You may have observed that when it comes to the state of race relations, the Civil War seems to have never ended, despite Grant and Lee’s friendly sit-down at Appomattox in 1865. Before we can start the necessary dialogue to finally end the 150-year old Civil War and its toxic precursors, we have to get past the coming election, the rhetoric of which threatens to spiral out of control, along with the magnitude of the hate which has been revealed.
Why raise this issue in this blog?
Well, the politically-roiling waters of the present day American landscape is echoed – or paralleled – in the cases which come before the EEOC. The workplace is, after all, a microcosm of the real world. And another case involving the N-word has been filed by the EEOC.
And employers must be in the vanguard in ensuring that the workplace is a “level playing field,” as the law demands. No harassment, no slurs, no epithets — and no nooses.
As you know I write about every employment discrimination case that I come across involving the N-word to remind readers – and myself – that these cases have not ended, and that racism in the workplace has not ended.
Indeed, there are few subjects which I have written more about than the use of the “N-word” in the workplace — which seems to be ever-present when racial harassment is alleged. On September 28, 2012 I said that “It is extraordinary that the ‘N-word’ and the noose keep reappearing in lawsuits claiming a racially harassing workplace.”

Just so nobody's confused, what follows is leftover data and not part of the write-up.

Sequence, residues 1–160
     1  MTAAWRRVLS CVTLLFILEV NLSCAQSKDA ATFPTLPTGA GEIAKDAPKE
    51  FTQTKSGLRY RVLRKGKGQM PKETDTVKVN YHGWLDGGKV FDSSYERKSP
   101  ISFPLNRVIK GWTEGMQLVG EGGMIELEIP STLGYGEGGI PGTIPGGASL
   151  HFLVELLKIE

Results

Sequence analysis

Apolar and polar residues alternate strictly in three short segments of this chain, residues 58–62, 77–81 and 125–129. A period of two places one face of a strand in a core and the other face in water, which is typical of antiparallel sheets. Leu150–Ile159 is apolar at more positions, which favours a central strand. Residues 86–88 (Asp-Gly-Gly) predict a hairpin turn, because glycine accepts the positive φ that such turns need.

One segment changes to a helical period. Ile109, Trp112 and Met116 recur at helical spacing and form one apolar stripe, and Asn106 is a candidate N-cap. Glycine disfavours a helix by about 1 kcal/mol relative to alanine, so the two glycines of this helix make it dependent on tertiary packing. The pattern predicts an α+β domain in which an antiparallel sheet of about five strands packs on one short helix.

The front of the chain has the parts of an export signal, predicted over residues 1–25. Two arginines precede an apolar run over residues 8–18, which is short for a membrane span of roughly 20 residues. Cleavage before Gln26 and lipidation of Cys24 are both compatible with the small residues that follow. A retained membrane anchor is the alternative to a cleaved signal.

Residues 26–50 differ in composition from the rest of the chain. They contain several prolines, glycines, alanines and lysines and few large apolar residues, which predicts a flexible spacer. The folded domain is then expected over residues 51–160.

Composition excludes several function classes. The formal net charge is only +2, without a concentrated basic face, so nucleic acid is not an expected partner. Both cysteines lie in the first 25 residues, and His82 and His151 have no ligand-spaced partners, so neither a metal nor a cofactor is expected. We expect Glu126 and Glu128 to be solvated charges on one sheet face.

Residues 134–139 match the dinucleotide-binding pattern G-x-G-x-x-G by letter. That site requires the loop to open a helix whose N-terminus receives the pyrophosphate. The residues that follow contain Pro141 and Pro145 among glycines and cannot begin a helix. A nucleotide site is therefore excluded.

The EEOC Does Not Like The N-word
Back in 2013 I asked “What do you need to do to wave a large red flag in front of the EEOC? Well, for one you can tolerate or ignore, or worse condone, the use of the N-word and nooses in the workplace. We, jaded as we are, who think that we have seen or heard it all, are still shocked when egregious racial claims of this type are filed. Indeed, we tend to write about each such case brought by the EEOC.”
In 2012 I noted that the EEOC announced a settlement with an Atlanta manufacturer, which agreed to pay $500,000 to 14 employees to settle a racially hostile work environment lawsuit. The suit alleged that graffiti and racial epithets were directed at African-American employees, including: “KKK,” swastikas, Confederate flags, “white power” and “die, n—-r, die.” Hangman’s nooses were also displayed, and one employee found one at his work station.
Think about some of the memes found on the internet now.
In a second case back then, according to the EEOC a California trucking company and an earthmoving farming company agreed to a settlement of $30,000 to an African-American driver and his white co-worker based upon a claim of racial harassment. The dispatcher allegedly called the African-American driver racial epithets such as “gorilla,” “porch monkey,” and the infamous and oft-used N-word.
Two EEOC attorneys summed up the egregiousness of the first case. One said that: “Racism in any form is bad enough, but racist graffiti that included Confederate flags and death wishes accompanied by vile racist epithets go far beyond the pale even of prejudice. Terms like ‘KKK’ evoke violent and threatening attitudes towards African-Americans.”
Sound eerily like today’s political discourse?
A second attorney said that “This case demonstrates racism at its most hateful level. The violations in this case are especially odious in light of the multiple reports of racist graffiti made by numerous employees.”